Hangul by Andrew 鐘, on Flickr
[Photo: CC BY 2.0 by Andrew 鐘]
This Sunday, October 9, is Hangul Day, the yearly commemoration of “the invention and proclamation of [the] native alphabet of the Korean language.”
Prior to the establishment of Hangul (which translates as “great writing”) in 1446 by King Sejong the Great, according to this Language Log post:
the Korean language was rarely written at all. The written language used in Korea was Classical Chinese. The combination of the use of a foreign language with the large amount of memorization required to learn thousands of Chinese characters meant that only a small elite were literate, overwhelmingly men from aristocratic families. The great majority of people were illiterate.
Written Chinese (or hanzi) is semanto-phonetic, says Omniglot, an excellent source on writing systems, and uses pictograms, logograms, and ideograms. Other examples of semanto-phonetic writing systems are ancient Egyptian hieroglyphics and Mayan.
Detail of heiroglyphics by dustinpsmith, on Flickr
[Photo: CC BY 2.0 by dustinpsmith]
Hangul, however, is alphabetic, using each letter to represent a consonant or vowel. Other alphabetic writing systems are Latin, Roman, and Cyrillic, “which have been adapted to write numerous languages,” including modern English, and futhork, “the Old English runic alphabet.” Runes are letters or characters “used by the peoples of northern Europe from an early period to the eleventh century. . .believed to be derived from a Greek source.” Greek is the first alphabetic system to use vowels.
Cyrillic McDonalds by david.orban, on Flickr
[Photo: CC BY 2.0 by david.orban]
Ogham is an alphabetic writing system made up “of 20 letters used by the ancient Irish and some other Celts in the British islands.” Tifinagh is “an alphabetic script used by some Berber peoples, notably the Tuareg,” and is “thought to have derived from ancient Berber script.” Avestan is “the script in which the ancient Persian language of the Avesta is written,” while Glagolitic is “the oldest known Slavonic alphabet, designed around 862–863 CE by Saint Cyril in order to translate the Bible and other texts into Old Church Slavonic.”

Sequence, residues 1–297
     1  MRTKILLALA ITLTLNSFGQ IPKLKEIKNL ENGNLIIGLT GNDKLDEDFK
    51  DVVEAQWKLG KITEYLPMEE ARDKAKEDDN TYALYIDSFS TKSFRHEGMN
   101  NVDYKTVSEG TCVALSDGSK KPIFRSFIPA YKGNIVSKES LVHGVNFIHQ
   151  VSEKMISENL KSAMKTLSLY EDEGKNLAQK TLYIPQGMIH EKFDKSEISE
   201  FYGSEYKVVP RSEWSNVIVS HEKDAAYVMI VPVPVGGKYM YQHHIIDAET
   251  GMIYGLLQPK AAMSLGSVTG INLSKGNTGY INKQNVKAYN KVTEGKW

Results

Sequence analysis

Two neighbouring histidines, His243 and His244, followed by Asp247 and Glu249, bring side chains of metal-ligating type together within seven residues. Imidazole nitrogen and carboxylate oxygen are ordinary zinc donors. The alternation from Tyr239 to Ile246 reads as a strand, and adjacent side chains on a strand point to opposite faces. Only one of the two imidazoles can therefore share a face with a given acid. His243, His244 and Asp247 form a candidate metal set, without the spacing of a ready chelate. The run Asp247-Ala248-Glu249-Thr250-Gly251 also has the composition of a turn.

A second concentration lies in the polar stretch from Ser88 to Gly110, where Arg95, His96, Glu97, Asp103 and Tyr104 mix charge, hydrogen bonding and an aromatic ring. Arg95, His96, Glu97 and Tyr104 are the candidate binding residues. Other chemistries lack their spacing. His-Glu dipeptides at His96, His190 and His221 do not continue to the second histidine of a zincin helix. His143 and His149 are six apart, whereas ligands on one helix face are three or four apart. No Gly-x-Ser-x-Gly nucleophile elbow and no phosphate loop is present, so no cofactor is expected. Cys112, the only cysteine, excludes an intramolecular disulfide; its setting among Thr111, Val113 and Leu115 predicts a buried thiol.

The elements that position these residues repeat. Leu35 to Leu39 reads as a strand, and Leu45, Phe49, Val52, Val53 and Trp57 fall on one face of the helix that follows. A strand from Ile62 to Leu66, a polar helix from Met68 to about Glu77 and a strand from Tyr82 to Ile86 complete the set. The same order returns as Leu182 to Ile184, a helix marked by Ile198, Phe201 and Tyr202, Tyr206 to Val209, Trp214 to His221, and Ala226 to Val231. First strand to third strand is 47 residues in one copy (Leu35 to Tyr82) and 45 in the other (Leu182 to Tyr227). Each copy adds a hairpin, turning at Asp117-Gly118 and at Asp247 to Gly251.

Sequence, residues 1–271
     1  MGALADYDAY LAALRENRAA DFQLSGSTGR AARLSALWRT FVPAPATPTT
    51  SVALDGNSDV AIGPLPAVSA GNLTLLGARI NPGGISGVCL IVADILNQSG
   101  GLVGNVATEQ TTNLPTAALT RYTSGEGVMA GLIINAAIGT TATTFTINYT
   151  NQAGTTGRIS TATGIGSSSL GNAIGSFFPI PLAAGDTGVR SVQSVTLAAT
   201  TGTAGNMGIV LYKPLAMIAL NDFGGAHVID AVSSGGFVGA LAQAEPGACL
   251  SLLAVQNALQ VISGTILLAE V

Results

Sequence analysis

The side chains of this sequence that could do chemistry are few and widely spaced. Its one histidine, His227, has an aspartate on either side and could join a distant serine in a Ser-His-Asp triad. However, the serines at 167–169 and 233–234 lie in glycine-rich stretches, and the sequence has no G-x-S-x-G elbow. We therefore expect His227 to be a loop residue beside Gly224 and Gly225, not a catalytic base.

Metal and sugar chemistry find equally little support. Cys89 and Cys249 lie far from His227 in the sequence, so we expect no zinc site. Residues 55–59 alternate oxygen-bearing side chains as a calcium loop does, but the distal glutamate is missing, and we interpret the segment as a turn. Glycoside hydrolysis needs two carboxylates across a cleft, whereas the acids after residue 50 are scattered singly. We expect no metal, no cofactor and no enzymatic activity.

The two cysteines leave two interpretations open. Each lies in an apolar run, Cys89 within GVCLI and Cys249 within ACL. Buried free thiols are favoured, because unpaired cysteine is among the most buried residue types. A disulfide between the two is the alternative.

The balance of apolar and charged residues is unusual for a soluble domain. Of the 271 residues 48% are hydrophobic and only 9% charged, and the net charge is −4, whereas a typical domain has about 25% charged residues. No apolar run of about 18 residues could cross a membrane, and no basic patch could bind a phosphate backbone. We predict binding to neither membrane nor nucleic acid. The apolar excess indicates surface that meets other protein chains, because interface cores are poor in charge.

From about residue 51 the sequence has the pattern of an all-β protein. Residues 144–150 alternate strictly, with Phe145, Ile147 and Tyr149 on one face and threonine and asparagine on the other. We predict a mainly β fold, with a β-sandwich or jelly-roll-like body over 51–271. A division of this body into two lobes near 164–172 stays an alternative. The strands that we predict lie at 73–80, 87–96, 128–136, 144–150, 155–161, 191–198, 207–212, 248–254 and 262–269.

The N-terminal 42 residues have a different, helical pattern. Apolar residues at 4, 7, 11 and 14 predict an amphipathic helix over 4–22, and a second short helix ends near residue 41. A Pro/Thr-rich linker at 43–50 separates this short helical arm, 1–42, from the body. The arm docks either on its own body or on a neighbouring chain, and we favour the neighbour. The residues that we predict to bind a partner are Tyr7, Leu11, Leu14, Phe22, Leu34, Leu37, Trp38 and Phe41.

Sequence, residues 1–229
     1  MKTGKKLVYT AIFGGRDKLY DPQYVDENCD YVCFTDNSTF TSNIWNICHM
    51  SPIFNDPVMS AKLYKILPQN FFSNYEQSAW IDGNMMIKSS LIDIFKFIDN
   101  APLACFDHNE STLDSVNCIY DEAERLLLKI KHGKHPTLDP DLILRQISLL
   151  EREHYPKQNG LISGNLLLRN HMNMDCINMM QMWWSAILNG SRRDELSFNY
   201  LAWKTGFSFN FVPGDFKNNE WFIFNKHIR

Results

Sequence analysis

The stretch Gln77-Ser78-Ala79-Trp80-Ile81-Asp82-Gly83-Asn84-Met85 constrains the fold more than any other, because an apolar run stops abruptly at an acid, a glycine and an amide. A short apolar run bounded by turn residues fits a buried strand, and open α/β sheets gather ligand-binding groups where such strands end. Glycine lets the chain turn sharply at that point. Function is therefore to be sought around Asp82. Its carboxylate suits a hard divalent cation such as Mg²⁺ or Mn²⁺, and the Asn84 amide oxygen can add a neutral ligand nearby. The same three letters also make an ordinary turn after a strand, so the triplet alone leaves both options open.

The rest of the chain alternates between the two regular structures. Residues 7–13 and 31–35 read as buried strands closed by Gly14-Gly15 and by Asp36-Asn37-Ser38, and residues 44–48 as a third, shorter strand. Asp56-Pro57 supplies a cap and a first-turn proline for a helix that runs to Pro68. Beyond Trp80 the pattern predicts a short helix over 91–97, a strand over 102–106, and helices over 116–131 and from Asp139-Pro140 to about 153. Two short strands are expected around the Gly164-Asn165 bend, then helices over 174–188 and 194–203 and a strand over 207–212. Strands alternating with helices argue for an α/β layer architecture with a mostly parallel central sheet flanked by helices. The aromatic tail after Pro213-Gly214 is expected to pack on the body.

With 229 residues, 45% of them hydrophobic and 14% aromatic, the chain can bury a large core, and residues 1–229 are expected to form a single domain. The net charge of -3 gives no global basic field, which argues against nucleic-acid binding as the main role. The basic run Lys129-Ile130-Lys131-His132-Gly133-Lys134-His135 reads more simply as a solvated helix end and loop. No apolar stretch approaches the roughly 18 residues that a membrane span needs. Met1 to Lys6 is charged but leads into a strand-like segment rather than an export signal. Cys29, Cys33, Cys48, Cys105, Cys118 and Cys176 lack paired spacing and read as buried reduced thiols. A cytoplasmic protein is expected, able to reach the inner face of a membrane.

DSCF0041 by VicWJ, on Flickr
[Photo: CC BY 2.0 by VicWJ]
More examples of ogham.
Hangul is sometimes wrongly considered a syllabary or phonetic writing system with “symbols representing sounds,” but it’s not, says Language Log, because it’s “completely analyzable at the segmental level” and “the groups into which the letters are formed do not correspond exactly to syllables.” Some syllabaries include kana, Japanese syllabic writing (literally “false name”), which is made up of two types: hiragana, “the cursive form of Japanese writing,” with hira meaning “plain, ordinary,” and katakana, an “angular kana used for writing foreign words or official documents, such as telegrams,” with kata meaning “one.” Chinese characters as used in Japanese are referred to as kanji, “Chinese characters.”
A Chinese semi-syllabary writing system is bopomofo or zhuyin fuhao:
a phonetic script used in dictionaries, children’s books, text books for people learning Chinese and in some newspapers and magazines to show the pronunciation of the characters. It is also used to show the Taiwanese pronunciation of characters and to write Taiwanese words for which no characters exist.